The next youngest brother (in religion) who is here with me in community likes to play a game called "hypotheticals." It makes for some silly and light conversation to take the edge off after stressful ministry in this world of suffering. For example, we ask each other to choose between two hypothetical assignments, neither of which is attractive of the natural level. Or we choose two of the friars and try to make educated guesses about which one would win in a hypothetical fistfight.
The other night, though, my confrere got me with one which stuck with me on a more serious level:
"If there were some kind of illegal steroid that would make you a better preacher, would you take it?"
Of course I said no. But I have to admit, it would be a temptation. Probably not a temptation that would get very far, but one that would at least arise in my thoughts. The very fact that I could be tempted in this way reveals the admixture of selfishness present in my ministry. That I might even consider risking health and committing civil crime in order to be a better preacher, reveals that there is part of my ministry that is about me and not yet exclusively about God.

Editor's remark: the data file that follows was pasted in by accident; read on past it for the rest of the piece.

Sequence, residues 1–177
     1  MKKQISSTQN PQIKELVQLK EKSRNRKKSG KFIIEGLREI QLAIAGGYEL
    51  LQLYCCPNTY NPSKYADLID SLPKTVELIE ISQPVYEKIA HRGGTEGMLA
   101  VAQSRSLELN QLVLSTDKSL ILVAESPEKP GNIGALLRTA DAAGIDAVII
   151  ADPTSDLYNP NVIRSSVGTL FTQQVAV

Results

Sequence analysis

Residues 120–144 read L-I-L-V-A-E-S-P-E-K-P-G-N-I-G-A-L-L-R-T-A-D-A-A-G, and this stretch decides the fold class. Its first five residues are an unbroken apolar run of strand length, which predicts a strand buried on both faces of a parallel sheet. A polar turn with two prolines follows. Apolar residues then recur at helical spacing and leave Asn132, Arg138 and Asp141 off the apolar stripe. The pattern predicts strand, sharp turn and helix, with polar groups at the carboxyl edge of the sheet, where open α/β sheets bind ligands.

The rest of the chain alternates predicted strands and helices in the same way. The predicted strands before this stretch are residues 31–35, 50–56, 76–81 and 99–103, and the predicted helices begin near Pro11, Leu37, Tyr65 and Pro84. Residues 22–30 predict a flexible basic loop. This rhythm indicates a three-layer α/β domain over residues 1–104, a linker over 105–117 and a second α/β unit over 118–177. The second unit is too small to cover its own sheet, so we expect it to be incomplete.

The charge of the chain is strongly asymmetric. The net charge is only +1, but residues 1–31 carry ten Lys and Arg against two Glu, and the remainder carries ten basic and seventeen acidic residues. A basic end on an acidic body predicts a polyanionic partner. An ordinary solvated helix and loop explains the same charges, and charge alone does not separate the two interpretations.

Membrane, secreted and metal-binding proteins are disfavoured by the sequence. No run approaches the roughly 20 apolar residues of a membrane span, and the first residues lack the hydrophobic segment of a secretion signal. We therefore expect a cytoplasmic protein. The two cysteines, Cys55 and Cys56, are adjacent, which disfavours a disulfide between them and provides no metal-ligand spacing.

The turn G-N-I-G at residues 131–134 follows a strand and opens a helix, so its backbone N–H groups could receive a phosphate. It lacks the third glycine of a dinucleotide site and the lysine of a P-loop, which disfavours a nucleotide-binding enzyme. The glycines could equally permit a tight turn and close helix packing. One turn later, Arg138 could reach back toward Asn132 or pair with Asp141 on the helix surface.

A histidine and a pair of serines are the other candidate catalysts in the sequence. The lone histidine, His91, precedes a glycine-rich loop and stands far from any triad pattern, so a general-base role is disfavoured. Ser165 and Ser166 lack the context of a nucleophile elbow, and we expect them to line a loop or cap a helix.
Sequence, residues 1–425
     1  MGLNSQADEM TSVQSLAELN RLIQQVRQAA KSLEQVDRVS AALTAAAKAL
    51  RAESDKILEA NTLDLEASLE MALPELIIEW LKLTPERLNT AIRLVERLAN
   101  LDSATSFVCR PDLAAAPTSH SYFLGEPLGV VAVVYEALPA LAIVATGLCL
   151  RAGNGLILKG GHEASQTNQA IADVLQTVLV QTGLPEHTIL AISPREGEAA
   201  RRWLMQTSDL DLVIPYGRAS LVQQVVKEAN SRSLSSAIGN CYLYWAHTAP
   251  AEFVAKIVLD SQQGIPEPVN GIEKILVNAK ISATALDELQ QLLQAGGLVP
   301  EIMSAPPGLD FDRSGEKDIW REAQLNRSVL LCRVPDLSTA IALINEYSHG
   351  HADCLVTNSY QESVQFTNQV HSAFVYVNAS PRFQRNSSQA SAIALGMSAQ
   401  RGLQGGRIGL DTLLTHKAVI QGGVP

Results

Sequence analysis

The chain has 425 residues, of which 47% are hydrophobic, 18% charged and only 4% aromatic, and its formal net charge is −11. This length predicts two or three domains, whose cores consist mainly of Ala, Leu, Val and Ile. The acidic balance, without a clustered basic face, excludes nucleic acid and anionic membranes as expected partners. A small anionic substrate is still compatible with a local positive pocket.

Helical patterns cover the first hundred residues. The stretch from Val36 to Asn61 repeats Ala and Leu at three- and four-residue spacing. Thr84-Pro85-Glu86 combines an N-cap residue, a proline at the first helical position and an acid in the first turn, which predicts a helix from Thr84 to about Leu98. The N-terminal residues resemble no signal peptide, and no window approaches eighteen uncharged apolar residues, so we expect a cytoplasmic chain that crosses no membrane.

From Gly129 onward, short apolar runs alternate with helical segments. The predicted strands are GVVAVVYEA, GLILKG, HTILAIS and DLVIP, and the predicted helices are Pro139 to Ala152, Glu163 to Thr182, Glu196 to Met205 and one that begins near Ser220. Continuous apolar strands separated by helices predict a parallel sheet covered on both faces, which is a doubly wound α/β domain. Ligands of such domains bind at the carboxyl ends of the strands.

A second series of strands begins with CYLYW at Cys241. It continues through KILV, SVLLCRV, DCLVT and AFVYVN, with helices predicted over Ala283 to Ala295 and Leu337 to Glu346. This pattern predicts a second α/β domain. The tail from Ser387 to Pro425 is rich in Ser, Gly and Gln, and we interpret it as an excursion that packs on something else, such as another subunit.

It's what the ancient fathers called kenodoxia, or vainglory. In John Cassian's treatment of this vice, he tells a hilarious story about a solitary monk who was spied in his cell pretending to be a grand deacon, dismissing the people, and singing the double alleluia to himself.
Nevertheless, such realizations as this are salutary in the spiritual life. When we have those moments that display the admixture of selfishness in our religious motives. Our prayer and our ministry are never a pure adoration, submission, and service of God. In this life there will always be at least a little bit of bad motivation mixed in: fear, idolatry, vanity, etc.
Our good and bad motives are like the weeds and the wheat that grow so closely together that it can be hard to tell them apart sometimes. A good and quiet habit of discernment and examination of conscience are the best tools in trying to know the difference, and this is the hardest ascesis there is. The Lord promises that he will harvest the wheat. Despite our mixed motivations, we know that the good that the Spirit has nurtured within us will be harvested unto eternal life. (Matthew 13:24 ff.)